Second House Democrat calls for Biden to withdraw from presidential race

Rep. Raúl Grijalva (D-Ariz.) is calling on President Biden to withdraw from the 2024 race, becoming the second sitting Democratic lawmaker to publicly urge the incumbent to step aside after his lackluster performance in last week’s debate.

Grijalva — who has served in Congress since 2003 — told The New York Times in an interview that he will support Biden should he remain at the top of the ticket, but said he thinks it is time for the Democratic Party to select a new nominee.

“If he’s the candidate, I’m going to support him, but I think that this is an opportunity to look elsewhere,” Grijalva told the newspaper. “What he needs to do is shoulder the responsibility for keeping that seat — and part of that responsibility is to get out of this race.”

Grijalva’s remarks came one day after Rep. Lloyd Doggett (D-Texas), a nearly 30-year veteran of the House, became the first current Democratic lawmaker to call on Biden to withdraw from the race, writing in a statement that the incumbent “failed to effectively defend his many accomplishments and expose Trump’s many lies” during last week’s debate.

Grivalja and Doggett are the only two elected Democrats to publicly call on Biden to step aside thus far, though centrist Democratic Reps. Jared Golden (Maine) and Marie Gluesenkamp Perez (Wash.) have both said they believe Trump will beat Biden in November.

Sources, however, told The Hill that conversations about Biden’s standing at the top of the ticket have been underway behind the scenes since the debate.

One House Democrat, who requested anonymity to discuss the sensitive conversations, told The Hill on Friday that “it’s time for him to step aside,” noting that it is the sentiment among a number of members of the House Democratic caucus.

“We all were hanging out this morning, a bunch of us together at something. There’s nobody at this point that I spoke with who doesn’t think it’s time for him to step aside,” the lawmaker added.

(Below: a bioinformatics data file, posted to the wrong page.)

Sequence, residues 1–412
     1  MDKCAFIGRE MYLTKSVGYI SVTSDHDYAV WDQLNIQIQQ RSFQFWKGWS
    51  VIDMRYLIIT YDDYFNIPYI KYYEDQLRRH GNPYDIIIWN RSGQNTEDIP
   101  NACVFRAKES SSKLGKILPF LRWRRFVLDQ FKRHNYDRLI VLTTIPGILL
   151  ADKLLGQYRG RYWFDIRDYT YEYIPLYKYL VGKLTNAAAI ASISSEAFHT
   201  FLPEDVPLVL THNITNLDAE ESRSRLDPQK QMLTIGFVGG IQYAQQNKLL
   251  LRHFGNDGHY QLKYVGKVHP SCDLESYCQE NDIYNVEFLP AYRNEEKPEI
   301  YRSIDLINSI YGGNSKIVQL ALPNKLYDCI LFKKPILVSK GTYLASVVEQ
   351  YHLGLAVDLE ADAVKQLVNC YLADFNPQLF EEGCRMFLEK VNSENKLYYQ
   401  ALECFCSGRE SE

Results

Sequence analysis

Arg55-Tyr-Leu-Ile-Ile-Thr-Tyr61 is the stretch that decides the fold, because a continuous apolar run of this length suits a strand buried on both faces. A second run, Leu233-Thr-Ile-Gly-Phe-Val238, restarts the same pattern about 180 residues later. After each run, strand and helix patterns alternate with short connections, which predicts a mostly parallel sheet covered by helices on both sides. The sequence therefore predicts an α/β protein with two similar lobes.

A second House Democrat, who similarly requested anonymity, would not say if Biden should step aside, but noted that several Democrats are saying so behind the scenes.

“There’s a lot of talk —  talk here, talk from friends at home — saying we need someone who can articulate our message, and we didn’t see that last night,” the lawmaker said. “A lot of people are saying it … [A] majority of people I’ve spoken with today.”

The White House, meanwhile, has been adamant that Biden has no plans of stepping down.

“The president is not dropping out, that’s something the campaign has shared,” White House press secretary Karine Jean-Pierre told reporters on Wednesday.

“The president is cleared-eyed, and he is staying in the race,” she added. “He’s staying in the race, that is what the president has promised to do … he wants to continue to work on the successes that he’s had, his record.”

Top congressional Democrats have also stood by Biden’s side. Senate Majority Leader Chuck Schumer (D-N.Y.) and House Minority Leader Hakeem Jeffries (D-N.Y.) have both expressed support for the president, in addition to veteran House Democrats, like former Speaker Nancy Pelosi (Calif.) and Rep. James Clyburn (S.C.).

Cracks, however, are beginning to emerge in that block of support.

Pelosi on Tuesday told MSNBC it is “legitimate” to ask both candidates “is this an episode or is this a condition,” a comment that made the rounds on social media as the top Democrat potentially losing confidence in the candidate.

On Wednesday, Clyburn on CNN said Biden’s debate performance was “concerning,” but added that he has not noticed a decline in Biden during one-on-one meetings. In a separate interview on NewsNation, however, Clyburn said he would not tell Biden to step aside during a planned phone call.

Updated at 5:34 p.m.

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